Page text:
A lovely evening's walk within the woods and valleys of the old deer park. Lots of history and wildlife.
For those of you not staying with us - please park at and walk from Green Cwm car park.
Distance covered: 1 mile Average time: 30 minutes Terrain: Easy underfoot, suitable for push chairs and wheelchairs.
Directions & Gallery
Directions from the B&B:
Walk down the tarmac driveway from the house as if you are heading for Parkmill. Follow the drive down into the woods keeping your eyes pealed for the old lime kiln at the side of the first pull in.
When you reach the grassy valley of Green Cwm turn left pass through the kissing gate and follow the track until you see the Giant’s Grave on your left hand side.
Giant’s Grave is a Neolithic (4000-3000bc) tomb belonging to the so-called Severn-Cotswold group. The burial site was first located in 1869 when it was plundered for stone and re-excavated in 1960-61 by R J C Atkinson. Bone fragments belonging to 40 individuals have been recovered. All were adults except for three, also discovered were two rims of Neolithic pottery. Take a look at the rounded stones on the southern corner of the tomb, it is thought the stones were washed by a river which once ran along side the tomb but which has found its way underground into the limestone rocks below.
On the opposite side of the valley you will find a beautifully restored lime kiln and a little further up the valley (approx 150yds) on the right hand side a path will take you up the valley side to Cat Hole cave.
In 1968 excavations of this cave yielded flint blades suggesting occupation during the last ice age, while human remains indicated use later in Mesolithic times and the bronze age. More recently in 2010 archaeologist Dr George Nash discovered at the rear of the cave rock art which has since been proven to be over 14000 years old making it the oldest cave art in Britain if not in western Europe. For more information on the Cathole cave rock art Gower please follow the link.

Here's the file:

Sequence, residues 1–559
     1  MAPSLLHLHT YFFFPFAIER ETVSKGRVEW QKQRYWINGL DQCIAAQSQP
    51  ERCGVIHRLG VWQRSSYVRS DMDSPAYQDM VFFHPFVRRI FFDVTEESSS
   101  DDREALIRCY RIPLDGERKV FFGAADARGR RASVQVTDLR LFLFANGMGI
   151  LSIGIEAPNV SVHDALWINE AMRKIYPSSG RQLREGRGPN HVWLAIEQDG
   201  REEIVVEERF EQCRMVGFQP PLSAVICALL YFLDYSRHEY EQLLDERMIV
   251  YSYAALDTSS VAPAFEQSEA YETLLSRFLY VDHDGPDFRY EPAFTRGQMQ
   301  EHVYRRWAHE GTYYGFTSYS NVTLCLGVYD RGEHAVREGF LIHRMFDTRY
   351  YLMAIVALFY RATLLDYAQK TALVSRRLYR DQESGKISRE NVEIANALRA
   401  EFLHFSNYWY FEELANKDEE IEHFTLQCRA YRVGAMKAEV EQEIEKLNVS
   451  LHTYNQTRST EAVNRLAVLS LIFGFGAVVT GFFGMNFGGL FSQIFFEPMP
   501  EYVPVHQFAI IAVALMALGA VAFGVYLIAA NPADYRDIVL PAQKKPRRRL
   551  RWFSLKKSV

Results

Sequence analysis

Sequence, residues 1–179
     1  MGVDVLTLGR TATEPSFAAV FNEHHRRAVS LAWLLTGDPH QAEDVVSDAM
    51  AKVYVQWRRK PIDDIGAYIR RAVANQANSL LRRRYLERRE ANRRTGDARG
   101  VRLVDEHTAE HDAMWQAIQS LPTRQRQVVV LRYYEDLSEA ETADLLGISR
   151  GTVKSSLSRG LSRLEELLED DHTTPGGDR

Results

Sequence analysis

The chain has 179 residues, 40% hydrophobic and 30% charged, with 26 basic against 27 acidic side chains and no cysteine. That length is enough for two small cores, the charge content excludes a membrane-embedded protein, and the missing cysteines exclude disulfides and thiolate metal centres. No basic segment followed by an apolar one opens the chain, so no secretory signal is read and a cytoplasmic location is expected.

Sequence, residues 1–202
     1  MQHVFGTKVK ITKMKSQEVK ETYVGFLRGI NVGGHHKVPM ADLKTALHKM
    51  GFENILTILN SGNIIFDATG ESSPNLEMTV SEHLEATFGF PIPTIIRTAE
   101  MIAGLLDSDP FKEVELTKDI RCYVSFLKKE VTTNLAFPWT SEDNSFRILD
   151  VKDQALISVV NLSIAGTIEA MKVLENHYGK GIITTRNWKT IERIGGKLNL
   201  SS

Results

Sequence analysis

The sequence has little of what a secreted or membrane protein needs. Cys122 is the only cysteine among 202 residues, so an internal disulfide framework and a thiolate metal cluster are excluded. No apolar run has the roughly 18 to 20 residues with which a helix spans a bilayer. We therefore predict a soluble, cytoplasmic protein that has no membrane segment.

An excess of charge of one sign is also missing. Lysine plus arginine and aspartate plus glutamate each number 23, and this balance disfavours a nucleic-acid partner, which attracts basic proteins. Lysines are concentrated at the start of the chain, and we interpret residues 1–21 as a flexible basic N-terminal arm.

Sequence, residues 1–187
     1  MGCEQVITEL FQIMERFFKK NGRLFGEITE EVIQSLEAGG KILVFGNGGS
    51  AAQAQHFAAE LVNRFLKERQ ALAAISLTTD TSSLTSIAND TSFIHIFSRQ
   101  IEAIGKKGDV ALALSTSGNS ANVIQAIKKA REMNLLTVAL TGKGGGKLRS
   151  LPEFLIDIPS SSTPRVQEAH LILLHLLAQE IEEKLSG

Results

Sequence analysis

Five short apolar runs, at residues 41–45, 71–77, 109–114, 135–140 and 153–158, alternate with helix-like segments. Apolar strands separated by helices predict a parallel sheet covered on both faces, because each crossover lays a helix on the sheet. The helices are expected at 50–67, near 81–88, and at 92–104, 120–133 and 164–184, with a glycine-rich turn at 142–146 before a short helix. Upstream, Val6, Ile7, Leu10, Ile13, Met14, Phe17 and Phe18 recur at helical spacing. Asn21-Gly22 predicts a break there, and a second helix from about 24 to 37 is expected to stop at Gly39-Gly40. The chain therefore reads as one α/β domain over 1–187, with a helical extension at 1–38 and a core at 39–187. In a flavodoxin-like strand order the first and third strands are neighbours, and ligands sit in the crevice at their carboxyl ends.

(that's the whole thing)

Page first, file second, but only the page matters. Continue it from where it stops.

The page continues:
Now a word of warning, you may wish to start your walk back before the night falls because many of the locals believe that the valley is haunted! My father used to say that when we used to graze our horses in the valley you would not find a single one of them still on the flat valley floor much after dusk - they would all move up into the trees where there is no grazing. He first heard the stories from an old lady whose family had taken up residence in Parc-Le-Breos House while it lay empty and in disrepair in the early fifties. Personally I have walked through the Cwm many times after dark and apart my imagination running away with me once or twice I disappointingly haven’t witnessed anything supernatural!
Parc Le Breos House